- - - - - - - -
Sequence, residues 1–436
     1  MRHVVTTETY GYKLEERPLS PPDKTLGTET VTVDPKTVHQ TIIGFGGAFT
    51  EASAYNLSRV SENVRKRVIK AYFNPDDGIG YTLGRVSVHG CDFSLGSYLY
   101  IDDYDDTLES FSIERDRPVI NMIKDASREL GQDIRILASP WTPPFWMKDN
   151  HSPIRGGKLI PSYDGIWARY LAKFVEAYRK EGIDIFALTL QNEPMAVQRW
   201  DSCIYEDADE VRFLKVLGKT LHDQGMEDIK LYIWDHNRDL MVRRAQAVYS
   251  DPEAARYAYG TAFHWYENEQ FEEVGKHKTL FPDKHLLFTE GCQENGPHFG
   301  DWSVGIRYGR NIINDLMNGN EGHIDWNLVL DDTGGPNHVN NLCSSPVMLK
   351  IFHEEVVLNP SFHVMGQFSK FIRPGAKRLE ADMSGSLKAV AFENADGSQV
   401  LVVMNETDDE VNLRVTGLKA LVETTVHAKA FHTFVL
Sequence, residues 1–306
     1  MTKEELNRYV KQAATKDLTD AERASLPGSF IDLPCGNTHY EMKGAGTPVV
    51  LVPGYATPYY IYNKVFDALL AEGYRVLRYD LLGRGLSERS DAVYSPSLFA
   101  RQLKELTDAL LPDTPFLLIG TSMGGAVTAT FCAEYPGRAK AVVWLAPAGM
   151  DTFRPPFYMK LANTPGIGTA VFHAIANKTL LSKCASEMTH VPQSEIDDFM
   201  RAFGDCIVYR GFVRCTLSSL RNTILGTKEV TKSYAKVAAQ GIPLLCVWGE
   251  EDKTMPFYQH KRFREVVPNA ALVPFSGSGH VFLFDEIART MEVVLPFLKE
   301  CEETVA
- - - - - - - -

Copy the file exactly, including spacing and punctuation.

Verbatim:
Sequence, residues 1–436
     1  MRHVVTTETY GYKLEERPLS PPDKTLGTET VTVDPKTVHQ TIIGFGGAFT
    51  EASAYNLSRV SENVRKRVIK AYFNPDDGIG YTLGRVSVHG CDFSLGSYLY
   101  IDDYDDTLES FSIERDRPVI NMIKDASREL GQDIRILASP WTPPFWMKDN
   151  HSPIRGGKLI PSYDGIWARY LAKFVEAYRK EGIDIFALTL QNEPMAVQRW
   201  DSCIYEDADE VRFLKVLGKT LHDQGMEDIK LYIWDHNRDL MVRRAQAVYS
   251  DPEAARYAYG TAFHWYENEQ FEEVGKHKTL FPDKHLLFTE GCQENGPHFG
   301  DWSVGIRYGR NIINDLMNGN EGHIDWNLVL DDTGGPNHVN NLCSSPVMLK
   351  IFHEEVVLNP SFHVMGQFSK FIRPGAKRLE ADMSGSLKAV AFENADGSQV
   401  LVVMNETDDE VNLRVTGLKA LVETTVHAKA FHTFVL
Sequence, residues 1–306
     1  MTKEELNRYV KQAATKDLTD AERASLPGSF IDLPCGNTHY EMKGAGTPVV
    51  LVPGYATPYY IYNKVFDALL AEGYRVLRYD LLGRGLSERS DAVYSPSLFA
   101  RQLKELTDAL LPDTPFLLIG TSMGGAVTAT FCAEYPGRAK AVVWLAPAGM
   151  DTFRPPFYMK LANTPGIGTA VFHAIANKTL LSKCASEMTH VPQSEIDDFM
   201  RAFGDCIVYR GFVRCTLSSL RNTILGTKEV TKSYAKVAAQ GIPLLCVWGE
   251  EDKTMPFYQH KRFREVVPNA ALVPFSGSGH VFLFDEIART MEVVLPFLKE
   301  CEETVA